To boil it all down, basically an act was passed that abrogated the land claim and went against a constitutionally protected law of Canada, which we cannot change by just doing another law. Of course, the court found that out and would not let it go ahead. All this bill would do is to put into law what the court had ordered.
View Larry Bagnell Profile
Lib. (YT)
View Larry Bagnell Profile
2019-06-11 23:56 [p.28981]
Mr. Speaker, I am delighted when the indigenous affairs critic asks questions supporting things that were in my speech. All 86 bills are very important. The member for Northwest Territories already answered that question when he said that we have to rebuild the trust that was broken by the Conservatives.
The member also made the point I started out with, which is that all the Conservatives who have spoken to this bill have talked about other bills, other things not related to the bill. It is no wonder Parliament has put time allocation on this bill, when Conservatives repeat over and over again things that are not even related to the bill we are debating.
View Larry Bagnell Profile
Lib. (YT)
View Larry Bagnell Profile
2019-06-10 22:44 [p.28872]
Mr. Speaker, I appreciate that the member said it was important to have reconciliation with this bill, and the fact that the three first nations affected, the Sahtu, the Gwich'in and the Tlicho, are all in support of this bill. Therefore, I could hardly imagine that reconciliation would be voting against those three first nations. I hope that when the member says that she thinks it should be reconciliation, she means that she will vote for the bill, which is for all the first nations that this affects.
View Larry Bagnell Profile
Lib. (YT)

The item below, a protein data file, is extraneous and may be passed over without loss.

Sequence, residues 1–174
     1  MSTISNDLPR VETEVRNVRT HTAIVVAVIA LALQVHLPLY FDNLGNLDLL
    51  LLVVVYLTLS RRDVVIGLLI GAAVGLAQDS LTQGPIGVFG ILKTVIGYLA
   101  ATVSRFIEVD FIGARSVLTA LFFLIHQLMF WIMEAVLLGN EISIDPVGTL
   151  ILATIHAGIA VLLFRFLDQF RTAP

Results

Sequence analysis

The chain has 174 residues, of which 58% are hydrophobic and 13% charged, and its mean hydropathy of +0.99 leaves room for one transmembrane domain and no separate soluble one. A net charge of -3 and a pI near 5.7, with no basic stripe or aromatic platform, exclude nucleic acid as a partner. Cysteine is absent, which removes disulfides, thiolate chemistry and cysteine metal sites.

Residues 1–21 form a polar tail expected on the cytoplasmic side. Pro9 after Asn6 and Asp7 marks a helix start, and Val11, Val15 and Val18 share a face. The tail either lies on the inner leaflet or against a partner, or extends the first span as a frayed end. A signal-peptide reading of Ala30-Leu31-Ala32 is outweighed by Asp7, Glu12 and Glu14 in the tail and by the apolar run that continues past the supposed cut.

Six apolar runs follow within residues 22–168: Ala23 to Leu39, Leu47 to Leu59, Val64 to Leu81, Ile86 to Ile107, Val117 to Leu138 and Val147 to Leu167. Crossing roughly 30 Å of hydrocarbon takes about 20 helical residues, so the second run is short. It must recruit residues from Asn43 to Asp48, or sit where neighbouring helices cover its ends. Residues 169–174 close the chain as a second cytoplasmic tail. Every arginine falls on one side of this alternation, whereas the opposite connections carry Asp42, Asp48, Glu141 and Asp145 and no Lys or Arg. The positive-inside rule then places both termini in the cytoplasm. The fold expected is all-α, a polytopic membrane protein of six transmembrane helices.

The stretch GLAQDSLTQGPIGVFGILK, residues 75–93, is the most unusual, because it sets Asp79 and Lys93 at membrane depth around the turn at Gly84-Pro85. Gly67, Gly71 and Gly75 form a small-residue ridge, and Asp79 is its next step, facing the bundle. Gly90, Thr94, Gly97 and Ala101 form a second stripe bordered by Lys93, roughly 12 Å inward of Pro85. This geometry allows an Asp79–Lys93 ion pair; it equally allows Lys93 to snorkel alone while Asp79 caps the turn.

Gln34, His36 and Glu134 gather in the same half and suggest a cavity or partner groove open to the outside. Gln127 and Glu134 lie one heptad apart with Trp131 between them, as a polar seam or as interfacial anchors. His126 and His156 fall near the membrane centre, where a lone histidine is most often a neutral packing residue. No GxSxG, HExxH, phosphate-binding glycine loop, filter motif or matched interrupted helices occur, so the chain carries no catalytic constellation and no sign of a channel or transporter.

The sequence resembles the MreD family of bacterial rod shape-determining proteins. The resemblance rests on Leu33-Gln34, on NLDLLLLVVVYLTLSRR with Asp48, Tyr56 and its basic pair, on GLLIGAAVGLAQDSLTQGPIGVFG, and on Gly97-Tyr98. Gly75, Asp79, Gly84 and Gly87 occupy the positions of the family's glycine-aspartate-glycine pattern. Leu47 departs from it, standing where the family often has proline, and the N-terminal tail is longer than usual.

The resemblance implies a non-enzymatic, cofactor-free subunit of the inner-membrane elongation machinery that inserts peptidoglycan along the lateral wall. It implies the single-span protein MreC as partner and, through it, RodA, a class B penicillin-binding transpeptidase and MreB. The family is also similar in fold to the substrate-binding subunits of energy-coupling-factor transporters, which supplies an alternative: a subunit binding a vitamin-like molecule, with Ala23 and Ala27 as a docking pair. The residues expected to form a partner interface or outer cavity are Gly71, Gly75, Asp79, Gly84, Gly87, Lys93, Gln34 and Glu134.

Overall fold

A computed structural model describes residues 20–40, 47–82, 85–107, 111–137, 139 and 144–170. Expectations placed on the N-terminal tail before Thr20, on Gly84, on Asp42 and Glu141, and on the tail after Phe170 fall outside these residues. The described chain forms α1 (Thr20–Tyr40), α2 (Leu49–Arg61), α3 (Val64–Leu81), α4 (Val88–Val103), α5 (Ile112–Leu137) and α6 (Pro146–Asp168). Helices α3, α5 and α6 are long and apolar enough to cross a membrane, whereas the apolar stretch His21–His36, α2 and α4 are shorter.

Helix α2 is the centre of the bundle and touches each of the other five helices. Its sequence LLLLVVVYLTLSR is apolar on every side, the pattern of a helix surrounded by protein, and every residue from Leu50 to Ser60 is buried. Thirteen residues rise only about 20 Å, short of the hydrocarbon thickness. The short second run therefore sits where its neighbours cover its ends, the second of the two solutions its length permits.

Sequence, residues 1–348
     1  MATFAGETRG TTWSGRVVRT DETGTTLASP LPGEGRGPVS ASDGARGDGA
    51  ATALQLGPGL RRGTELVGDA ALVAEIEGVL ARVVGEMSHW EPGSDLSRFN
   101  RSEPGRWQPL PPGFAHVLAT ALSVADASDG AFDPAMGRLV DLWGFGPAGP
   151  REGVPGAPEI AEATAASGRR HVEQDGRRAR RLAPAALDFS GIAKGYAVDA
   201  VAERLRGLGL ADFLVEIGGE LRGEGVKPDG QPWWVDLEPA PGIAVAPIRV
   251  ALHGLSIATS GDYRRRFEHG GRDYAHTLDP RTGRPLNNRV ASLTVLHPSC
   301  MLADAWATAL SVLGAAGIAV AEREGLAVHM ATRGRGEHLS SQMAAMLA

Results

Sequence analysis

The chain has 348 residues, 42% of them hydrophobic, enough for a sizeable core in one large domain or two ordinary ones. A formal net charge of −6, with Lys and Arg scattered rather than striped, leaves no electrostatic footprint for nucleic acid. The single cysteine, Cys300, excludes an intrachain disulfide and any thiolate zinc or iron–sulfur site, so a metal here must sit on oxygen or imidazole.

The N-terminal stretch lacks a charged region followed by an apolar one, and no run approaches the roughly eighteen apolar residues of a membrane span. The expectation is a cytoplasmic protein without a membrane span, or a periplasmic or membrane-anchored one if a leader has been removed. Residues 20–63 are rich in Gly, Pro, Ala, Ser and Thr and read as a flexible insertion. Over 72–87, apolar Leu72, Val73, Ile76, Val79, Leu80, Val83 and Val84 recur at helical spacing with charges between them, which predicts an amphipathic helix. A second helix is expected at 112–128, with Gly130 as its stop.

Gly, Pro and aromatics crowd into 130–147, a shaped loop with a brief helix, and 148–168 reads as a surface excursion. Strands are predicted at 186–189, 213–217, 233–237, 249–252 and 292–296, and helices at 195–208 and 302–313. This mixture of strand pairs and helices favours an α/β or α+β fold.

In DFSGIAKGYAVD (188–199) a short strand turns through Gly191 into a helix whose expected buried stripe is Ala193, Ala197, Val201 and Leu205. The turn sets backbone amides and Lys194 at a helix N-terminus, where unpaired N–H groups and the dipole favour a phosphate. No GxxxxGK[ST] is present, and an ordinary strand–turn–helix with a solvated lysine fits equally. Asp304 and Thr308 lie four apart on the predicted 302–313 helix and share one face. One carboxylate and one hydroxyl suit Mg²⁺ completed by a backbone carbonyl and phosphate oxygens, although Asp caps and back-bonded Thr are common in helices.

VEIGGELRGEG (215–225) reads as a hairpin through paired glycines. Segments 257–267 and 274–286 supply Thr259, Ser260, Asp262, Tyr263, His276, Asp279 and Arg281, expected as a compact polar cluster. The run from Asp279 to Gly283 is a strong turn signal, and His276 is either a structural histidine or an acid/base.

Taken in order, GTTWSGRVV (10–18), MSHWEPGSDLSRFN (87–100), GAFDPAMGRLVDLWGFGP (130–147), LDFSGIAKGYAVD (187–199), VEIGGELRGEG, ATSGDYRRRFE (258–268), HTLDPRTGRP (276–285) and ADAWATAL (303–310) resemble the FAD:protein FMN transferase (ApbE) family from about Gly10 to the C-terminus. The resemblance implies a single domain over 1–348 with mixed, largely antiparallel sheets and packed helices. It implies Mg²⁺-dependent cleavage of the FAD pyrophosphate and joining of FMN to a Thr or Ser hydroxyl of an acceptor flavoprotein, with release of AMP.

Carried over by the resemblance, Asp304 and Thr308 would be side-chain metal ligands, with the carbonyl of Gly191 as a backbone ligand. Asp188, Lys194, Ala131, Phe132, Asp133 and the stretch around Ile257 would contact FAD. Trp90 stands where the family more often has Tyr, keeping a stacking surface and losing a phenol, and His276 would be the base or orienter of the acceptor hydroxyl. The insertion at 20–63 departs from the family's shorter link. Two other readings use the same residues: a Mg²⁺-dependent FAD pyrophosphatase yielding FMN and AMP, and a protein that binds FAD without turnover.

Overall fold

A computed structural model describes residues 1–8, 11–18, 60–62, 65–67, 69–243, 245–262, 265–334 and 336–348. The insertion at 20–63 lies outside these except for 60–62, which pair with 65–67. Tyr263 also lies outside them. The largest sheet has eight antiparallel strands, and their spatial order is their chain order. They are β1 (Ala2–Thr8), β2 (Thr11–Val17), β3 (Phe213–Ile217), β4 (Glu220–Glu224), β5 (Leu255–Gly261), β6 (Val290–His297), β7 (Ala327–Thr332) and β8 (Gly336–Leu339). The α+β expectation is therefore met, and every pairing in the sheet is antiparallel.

View Larry Bagnell Profile
2019-06-04 20:27 [p.28544]
Mr. Speaker, I want to go over some things in this budget that would benefit Yukon, in particular, and then some general things that would help the Yukon, as well as all Canadians.
First, as I said earlier tonight, Canada is the only Arctic country in the world, of the eight Arctic nations, that does not have a university north of 60. This budget is historic for Canada because of the $26 million going to Yukon College to build a science building, one of the key items that are needed. Next year, Yukon College will become Yukon university and Canada will be in line with the rest of the nations. The first course, which is not offered anywhere else and is also historic, will be a bachelor of indigenous governance. Because there are over 600 first nations in Canada, and Inuit, there will be a huge take-up on that particular course alone.
The territorial government has to deliver on education, health care, all of the things that provinces have to deliver, and there are great increases: $47.2 million for territorial financing, $2.3 million for health transfer and $0.6 million for social transfer, for a total of $50 million. Just to put that in perspective, Yukon is 1/1000th of the population, so if that were the same across the country, that would be $50 billion. It shows strong support for the territorial government. From what I remember, the other two territories will receive even more than that.